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Chris Tang Ping-keung, security chief of the Hong Kong Special Administrative Region, said the local government has asked search engine Google to pin the correct Chinese national anthem in the list thrown up in response to a query. This comes after wrong songs were played at international events in the presence of Hong Kong players.
At the Asian Classic Powerlifting Championship 2022 in Dubai, where Hong Kong athlete Susanna Lin won gold, a song widely sung by “pro-independence” forces in Hong Kong, was played. Lin made a T-sign. The song had played for 16 seconds before it was replaced with the correct Chinese national anthem.
A search for “Hong Kong” and “Chinese national anthem” on Google often throws up the wrong song, possibly uploaded intentionally by some secessionists. That’s why the Hong Kong government requested the action of Google on Monday, but Google responded saying it had no control over its search results.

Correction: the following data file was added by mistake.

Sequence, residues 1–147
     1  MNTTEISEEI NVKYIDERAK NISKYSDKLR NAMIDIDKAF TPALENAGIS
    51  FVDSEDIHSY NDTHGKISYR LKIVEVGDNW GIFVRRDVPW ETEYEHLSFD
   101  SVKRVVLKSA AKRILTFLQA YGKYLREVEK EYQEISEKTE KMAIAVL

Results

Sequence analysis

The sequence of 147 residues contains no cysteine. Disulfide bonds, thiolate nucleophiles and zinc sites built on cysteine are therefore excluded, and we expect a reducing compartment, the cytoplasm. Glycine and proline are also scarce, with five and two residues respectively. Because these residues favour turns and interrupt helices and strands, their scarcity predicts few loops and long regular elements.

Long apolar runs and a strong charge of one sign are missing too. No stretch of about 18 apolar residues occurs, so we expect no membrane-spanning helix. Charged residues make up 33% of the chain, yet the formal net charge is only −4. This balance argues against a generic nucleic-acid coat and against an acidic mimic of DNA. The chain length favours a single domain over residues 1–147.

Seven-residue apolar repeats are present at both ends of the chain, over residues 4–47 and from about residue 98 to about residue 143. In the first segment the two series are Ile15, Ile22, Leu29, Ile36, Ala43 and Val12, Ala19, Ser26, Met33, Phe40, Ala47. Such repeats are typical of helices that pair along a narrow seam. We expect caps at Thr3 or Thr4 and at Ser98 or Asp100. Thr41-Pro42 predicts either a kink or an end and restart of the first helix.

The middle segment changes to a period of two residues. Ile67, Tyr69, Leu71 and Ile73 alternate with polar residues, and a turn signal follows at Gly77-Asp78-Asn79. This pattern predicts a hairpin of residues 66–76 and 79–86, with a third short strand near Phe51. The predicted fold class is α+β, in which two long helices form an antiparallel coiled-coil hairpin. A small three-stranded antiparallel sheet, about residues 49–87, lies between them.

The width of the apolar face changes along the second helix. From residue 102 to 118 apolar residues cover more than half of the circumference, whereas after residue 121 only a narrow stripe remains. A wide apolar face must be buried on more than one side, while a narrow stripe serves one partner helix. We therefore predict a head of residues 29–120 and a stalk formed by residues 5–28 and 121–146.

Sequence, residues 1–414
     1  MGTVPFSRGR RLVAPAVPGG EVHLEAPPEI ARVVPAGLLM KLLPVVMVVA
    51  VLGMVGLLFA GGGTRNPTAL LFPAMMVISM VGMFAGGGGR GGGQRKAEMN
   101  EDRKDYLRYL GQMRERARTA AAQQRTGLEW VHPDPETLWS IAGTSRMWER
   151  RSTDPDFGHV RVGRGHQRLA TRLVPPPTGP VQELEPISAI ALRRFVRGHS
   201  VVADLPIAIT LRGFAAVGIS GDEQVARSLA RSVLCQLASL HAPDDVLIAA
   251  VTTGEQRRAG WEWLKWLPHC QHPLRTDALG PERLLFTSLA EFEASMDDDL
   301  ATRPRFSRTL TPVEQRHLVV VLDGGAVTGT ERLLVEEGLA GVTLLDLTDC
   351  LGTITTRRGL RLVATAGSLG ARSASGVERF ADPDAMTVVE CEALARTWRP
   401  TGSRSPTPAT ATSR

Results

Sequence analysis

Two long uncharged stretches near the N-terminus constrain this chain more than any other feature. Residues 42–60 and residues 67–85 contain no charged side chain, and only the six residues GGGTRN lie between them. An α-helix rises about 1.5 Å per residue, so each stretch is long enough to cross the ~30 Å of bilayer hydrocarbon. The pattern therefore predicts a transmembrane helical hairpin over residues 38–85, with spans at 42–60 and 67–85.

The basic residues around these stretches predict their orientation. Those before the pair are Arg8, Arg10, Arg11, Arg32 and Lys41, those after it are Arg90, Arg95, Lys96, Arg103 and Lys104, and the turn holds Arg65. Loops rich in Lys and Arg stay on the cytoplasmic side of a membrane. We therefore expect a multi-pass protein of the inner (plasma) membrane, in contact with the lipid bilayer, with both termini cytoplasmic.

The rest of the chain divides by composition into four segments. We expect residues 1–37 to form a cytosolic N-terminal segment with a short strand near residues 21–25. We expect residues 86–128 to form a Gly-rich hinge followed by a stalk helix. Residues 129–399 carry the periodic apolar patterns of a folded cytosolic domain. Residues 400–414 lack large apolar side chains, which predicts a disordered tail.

Contrary to the claim, one can pay to push one’s desired results on top; most companies are doing it with their advertisements. On Dec 8, the European Court of Justice ruled that Google and other search engines must “dereference information” if the person making the request can demonstrate that the material is “manifestly inaccurate”. Google complied. So this double standard when it comes to China reeks of an ideological bias by certain Western companies. They seem to have a soft spot for the secessionists harming China, without any concern that such deeds hurt the legitimate interests of China.
By refusing to filter out information that is harmful to China, they are dragging third parties such as international players into the quarrel. The players do not mean to challenge China’s sovereignty, but with search engines failing in their duty, they risk falling into the trap. Since 2000, Google had “Don’t be evil” as its motto, which it dropped in 2018. Time it dropped its double standard.